hylomorphism


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hylomorphism

(ˌhaɪləˈmɔːfɪzəm)
n
(Philosophy) the philosophical doctrine that identifies matter with the first cause of the universe

hylomorphism

the theory derived from Aristotle that every physical object is composed of two principles, an unchanging prime matter and a form deprived of actuality with every substantial change of the object. — hylomorphist, n.hylomorphic, adj.
See also: Philosophy
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References in periodicals archive ?
To account for hylomorphism noetically is to consider objects primarily through a description of epistemic faculties.
Rea argues on neo-Aristotelian grounds: "According to the version of hylomorphism that I am developing, the natures of material objects play the role of form, and they enter into compounds with things or stuffs that play the role of matter.
This collection of nine essays reevaluates the demise of Aristotelian hylomorphism in the early modern period when the emerging scientific paradigm was shifting to a sense-as-instrument perspective.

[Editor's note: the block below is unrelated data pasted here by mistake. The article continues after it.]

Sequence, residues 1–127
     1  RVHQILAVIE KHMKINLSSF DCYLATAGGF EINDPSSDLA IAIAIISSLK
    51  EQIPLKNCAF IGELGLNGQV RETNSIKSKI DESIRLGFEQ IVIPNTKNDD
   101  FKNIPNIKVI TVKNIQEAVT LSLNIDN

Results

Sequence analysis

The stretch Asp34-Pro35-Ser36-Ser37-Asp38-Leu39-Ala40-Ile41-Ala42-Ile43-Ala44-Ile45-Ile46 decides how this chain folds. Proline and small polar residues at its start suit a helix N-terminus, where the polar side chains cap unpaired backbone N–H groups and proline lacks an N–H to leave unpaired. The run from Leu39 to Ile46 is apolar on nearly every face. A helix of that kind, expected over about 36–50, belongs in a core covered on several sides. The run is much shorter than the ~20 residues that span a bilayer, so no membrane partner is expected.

The solution involving hylomorphism is, on this reading, only directed at the problem of composites.
If hylomorphism were a metaphysical necessity, different causal-functional requirements and directions in Nature would demand a version that serves to integrate differences rather than reductively disintegrate them.
The hylomorphism of Aristotelian natural philosophy, for example, was adopted by the medieval theologians to help them explore the nature of the sacraments and the hypostatic union.
Yet hylomorphism, he says, is coherent, and has benefits; in particular, hylomorphism, at least, yields the concept of the human being, which has been of value in ethics.
What is guiding Chretien is an embodied concept of person, very close, if not identical, to Aristotle's doctrine of hylomorphism.
Hylomorphism offers a third way between animalist approaches to personal identity, which maintain that psychology is irrelevant to our persistence, and neo-Lockean accounts, which deny that humans are animals.
Barnes, "The Paradoxes of Hylomorphism," Review of Metaphysics 56 (March 2003): 501-23.
PAUL HUMPHREY, "Metaphysics of Mind: Hylomorphism and Eternality in Aristotle and Hegel.
How one conceives of their relation admits of at least six possibilities exhibited in the history of philosophy: Hobbesian materialism, Berkleyan idealism, Platonic dualism of soul and body, Aristotelian hylomorphism, Cartesian dualism of thought and extension, and a Leibnizian-Whiteheadian view of psycho-physical co-implication.